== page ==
Veterans Affairs Department executives fired for cause could find their pensions trimmed under legislation being drafted by House lawmakers.
Under the bill, VA Secretary Bob McDonald would be able to reduce senior executive service employees' pensions by nixing benefits accrued during years they engaged in the actions that got them fired, a House Veterans Affairs Committee staff member confirmed on background.
The bill is being drafted by Rep. Jeff Miller, R-Florida, chairman of the House Veterans Affairs Committee.
Lou Celli, legislative director for The American Legion, said Miller hopes to avoid the situation as occurred last year, when Susan Taylor, a senior VA acquisitions official, was found to be steering VA business to FedBid, a Virginia company that facilitates so-called reverse auctions in which vendors compete with each other to offer the lowest bids on federal contracts.
Taylor retired with her pension – based on 29 years of federal service – intact, even as the VA was moving to fire her. The VA's Office of the Inspector General referred her case to the Justice Department for criminal prosecution, but DoJ declined to press charges, according to the IG report.
"Should she have been allowed to resign and retire with her full pension?" Celli asked.
The VA Choice and Accountability Act, passed last year to make it easier for the VA to fire senior executives and others for wrongdoing or non-performance, does not get into details about retirement benefits, Celli said.
The impetus for the new law was the wait-times scandal that has been rocking the VA since last April, when CNN reported that up to 40 veterans awaiting a doctor's appointment with the VA hospital in Phoenix, Arizona, may have died.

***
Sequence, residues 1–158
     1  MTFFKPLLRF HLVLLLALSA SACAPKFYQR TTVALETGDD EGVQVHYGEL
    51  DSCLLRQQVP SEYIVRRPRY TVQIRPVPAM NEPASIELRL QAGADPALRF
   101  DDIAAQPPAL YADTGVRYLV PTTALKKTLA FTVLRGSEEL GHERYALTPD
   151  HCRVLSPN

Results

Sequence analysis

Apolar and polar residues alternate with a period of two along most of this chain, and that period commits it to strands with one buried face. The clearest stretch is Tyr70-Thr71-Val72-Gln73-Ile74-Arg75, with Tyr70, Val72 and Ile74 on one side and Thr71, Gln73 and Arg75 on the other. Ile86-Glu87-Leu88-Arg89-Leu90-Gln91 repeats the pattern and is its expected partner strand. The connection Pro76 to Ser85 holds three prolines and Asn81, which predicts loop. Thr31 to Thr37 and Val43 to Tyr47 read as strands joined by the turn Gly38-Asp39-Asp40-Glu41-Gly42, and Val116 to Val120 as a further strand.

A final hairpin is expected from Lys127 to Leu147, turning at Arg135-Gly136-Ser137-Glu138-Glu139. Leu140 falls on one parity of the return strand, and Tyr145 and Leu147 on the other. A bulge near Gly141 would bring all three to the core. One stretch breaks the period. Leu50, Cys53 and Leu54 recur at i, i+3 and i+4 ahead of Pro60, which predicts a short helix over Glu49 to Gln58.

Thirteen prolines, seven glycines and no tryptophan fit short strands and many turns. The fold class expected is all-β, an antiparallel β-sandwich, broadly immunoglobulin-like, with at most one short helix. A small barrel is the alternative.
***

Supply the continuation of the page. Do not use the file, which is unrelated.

Celli believes Miller is hoping to address a number of questions in the legislation being prepared, including whether an official's pension should include benefits from years he or she engaged in criminal activity, or whether federal contributions should be forfeited in their entirety, even if the criminal acts took place only at the end of a career.
"I think they're trying to resolve this through new legislation," Celli said.
Lawmakers have been frustrated by VA's failure to hold officials accountable, even after the new law was signed by President Obama last August. In the months afterwards the VA moved to fire five senior officials but dismissed only two.
But Taylor, along with John Goldman, director of the Dublin, Georgia, VA hospital, was able to retire before being terminated.
The VA also fired Sharon Helman, director of the Phoenix hospital, for failures related to the wait-times scandal and manipulation of patient records there. But Helman's termination was only sustained by the Merit Systems Protection Board on the basis of her having accepted gifts from a contractor in clear violation of the department's ethics policy.
-- Bryant Jordan can be reached at firstname.lastname@example.org